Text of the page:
More needed from Turkey in Islamic State fight: U.S. defense chief

WASHINGTON (Reuters) - Turkey needs to do more in the fight against Islamic State militants and has indicated it is willing to go beyond its recent decision to allow U.S. planes to conduct air strikes from Turkish bases, Defense Secretary Ash Carter said on Thursday.

U.S. Defense Secretary Ash Carter walks on the tarmac before boarding his plane at Queen Alia Airport in Amman, Jordan, July 24, 2015, enroute to Erbil, Iraq. REUTERS/Carolyn Kaster/Pool

Carter said Turkey had agreed in principle to participate in the coalition bombing campaign against the militants, but the United States also needed Ankara to step up its efforts to control its long border with Iraq and Syria.

“It’s a border over which logistics for ISIL and the fighters cross,” Carter said, using an acronym for the militant group. “So we’re looking for them to do more in that regard as well and are in active discussions with them about that.”

Turkey was expected to participate in air strikes against Islamic State in Syria after it reached a deal with the United States on greater participation in the campaign against the group. But Turkish bombing efforts have primarily focused on the Kurdish PKK, which it considers a terrorist group.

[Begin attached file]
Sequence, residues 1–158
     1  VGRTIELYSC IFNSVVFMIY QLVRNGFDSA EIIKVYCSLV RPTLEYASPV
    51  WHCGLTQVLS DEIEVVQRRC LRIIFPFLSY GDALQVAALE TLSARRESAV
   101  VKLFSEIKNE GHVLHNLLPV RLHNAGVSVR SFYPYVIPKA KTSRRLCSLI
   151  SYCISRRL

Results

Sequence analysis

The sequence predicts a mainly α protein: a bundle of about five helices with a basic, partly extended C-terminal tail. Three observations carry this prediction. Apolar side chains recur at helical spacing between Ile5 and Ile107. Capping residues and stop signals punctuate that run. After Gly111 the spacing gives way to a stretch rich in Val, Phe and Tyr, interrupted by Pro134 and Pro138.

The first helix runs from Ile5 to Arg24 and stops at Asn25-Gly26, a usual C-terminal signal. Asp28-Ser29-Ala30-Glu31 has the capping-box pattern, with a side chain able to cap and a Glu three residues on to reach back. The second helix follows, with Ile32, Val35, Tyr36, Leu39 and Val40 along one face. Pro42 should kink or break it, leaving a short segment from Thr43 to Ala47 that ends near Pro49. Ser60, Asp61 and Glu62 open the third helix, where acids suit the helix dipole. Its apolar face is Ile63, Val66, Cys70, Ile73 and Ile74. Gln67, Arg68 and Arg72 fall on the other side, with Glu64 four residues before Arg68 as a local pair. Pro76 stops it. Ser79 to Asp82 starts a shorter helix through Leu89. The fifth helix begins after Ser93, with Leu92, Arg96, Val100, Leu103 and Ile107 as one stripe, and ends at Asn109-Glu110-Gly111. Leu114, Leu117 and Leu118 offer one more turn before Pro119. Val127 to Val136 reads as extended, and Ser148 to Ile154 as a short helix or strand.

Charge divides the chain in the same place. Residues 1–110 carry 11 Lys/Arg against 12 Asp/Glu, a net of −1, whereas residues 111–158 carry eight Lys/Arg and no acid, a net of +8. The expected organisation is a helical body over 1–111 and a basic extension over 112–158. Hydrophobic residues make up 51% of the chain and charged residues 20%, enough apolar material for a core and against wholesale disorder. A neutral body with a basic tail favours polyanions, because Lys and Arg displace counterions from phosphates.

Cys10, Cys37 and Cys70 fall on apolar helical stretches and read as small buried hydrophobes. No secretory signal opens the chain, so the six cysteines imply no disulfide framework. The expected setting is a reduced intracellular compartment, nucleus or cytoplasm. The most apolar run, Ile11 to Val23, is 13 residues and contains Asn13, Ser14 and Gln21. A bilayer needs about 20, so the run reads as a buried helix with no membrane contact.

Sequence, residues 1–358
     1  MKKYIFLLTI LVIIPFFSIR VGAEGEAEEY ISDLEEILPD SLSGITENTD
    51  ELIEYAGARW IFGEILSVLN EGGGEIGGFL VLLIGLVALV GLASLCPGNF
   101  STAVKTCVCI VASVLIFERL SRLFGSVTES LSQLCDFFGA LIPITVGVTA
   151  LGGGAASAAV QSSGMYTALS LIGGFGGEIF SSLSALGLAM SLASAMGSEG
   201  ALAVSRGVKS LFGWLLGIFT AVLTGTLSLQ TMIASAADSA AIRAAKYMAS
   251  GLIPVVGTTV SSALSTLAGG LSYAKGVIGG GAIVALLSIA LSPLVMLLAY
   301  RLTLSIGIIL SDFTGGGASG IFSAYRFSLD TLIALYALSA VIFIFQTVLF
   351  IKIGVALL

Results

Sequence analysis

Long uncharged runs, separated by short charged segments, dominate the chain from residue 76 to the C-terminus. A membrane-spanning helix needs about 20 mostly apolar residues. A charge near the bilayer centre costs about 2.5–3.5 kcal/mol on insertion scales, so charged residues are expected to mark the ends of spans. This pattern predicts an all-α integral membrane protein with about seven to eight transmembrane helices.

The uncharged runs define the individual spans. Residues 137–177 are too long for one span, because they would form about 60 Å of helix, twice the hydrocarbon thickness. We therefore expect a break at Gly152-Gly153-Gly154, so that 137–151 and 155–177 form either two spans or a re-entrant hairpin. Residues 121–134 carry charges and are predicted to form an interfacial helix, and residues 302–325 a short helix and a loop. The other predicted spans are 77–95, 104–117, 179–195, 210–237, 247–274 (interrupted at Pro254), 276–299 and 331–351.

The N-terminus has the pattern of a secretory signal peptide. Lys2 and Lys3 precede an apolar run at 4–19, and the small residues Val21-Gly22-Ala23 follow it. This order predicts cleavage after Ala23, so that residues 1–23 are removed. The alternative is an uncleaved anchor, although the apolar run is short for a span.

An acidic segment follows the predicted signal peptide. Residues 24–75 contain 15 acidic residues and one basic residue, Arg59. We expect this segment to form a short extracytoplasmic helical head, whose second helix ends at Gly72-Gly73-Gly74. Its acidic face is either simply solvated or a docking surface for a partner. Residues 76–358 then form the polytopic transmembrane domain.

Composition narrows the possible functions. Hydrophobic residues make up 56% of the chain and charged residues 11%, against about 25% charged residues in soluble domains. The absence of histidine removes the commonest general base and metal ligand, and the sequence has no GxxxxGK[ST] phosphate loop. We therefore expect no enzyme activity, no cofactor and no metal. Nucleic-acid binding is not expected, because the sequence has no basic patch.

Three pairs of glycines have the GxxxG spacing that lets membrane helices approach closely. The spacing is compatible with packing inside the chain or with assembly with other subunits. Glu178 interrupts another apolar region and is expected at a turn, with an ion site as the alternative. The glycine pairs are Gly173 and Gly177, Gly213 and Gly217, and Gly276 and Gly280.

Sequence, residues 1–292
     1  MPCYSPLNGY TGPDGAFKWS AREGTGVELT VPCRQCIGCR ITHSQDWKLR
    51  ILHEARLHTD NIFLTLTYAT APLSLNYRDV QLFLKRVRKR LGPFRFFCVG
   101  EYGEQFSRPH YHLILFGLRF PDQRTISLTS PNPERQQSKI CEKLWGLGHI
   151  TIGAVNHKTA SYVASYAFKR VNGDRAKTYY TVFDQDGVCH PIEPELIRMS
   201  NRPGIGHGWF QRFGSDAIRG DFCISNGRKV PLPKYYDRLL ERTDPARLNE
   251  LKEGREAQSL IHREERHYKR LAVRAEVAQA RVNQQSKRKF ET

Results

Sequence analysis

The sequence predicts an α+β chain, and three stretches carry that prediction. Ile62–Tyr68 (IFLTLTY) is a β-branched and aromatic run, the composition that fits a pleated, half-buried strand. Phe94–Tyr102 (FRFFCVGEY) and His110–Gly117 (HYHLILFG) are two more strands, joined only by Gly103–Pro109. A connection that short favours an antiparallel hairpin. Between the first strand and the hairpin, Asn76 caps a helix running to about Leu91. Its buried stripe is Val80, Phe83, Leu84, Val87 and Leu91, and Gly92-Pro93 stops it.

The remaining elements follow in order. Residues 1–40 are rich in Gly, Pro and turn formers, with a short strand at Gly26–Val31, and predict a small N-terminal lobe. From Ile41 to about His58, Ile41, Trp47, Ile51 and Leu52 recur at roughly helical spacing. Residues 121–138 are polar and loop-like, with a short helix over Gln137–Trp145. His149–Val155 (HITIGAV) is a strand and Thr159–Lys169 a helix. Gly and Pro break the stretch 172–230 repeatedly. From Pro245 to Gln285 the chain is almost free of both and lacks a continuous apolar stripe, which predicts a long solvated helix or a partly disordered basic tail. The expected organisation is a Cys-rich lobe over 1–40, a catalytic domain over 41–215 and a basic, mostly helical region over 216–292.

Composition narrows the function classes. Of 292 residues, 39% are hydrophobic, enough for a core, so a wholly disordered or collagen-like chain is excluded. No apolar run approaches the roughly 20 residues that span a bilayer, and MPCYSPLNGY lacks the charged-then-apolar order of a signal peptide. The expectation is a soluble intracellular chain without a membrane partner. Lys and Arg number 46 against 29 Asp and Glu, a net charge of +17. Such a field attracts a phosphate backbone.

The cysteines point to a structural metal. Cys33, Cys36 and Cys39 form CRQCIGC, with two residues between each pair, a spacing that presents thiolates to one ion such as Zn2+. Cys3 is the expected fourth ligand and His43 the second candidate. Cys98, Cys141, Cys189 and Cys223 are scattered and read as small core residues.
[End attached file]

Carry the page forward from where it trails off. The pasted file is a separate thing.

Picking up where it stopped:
Carter told a Pentagon news conference he didn’t think the Turks were “dragging their feet” on joining the bombing campaign.

“Their leadership has indicated that this needs to be done,” he said. “It’s long overdue because it’s a year into the campaign, but they’re indicating some considerable effort now, including allowing us to use their air fields. That’s important, but it’s not enough.”

“They need to join the (air strike rotation) and they need to work more on controlling their border,” Carter said.

The U.S. defense chief defended the military’s strategy for defeating the militants, who overran parts of Syria and Iraq last year before declaring their own caliphate. The strategy calls for training and equipping local forces to fight the militants, while providing air support for the ground troops.

The U.S. air campaign has helped blunt the advance of the Islamic State militants. Kurdish troops in Iraq and northern Syria have made progress in reversing Islamic State gains, but Iraqi government troops and U.S.-trained Syrian forces have had difficulties.

“I’m confident that we will succeed in defeating ISIL and that we have the right strategy,” Carter said. “But it’s complicated not just only in Iraq ... but in Syria as well.”

Reporting by David Alexander; Editing by James Dalgleish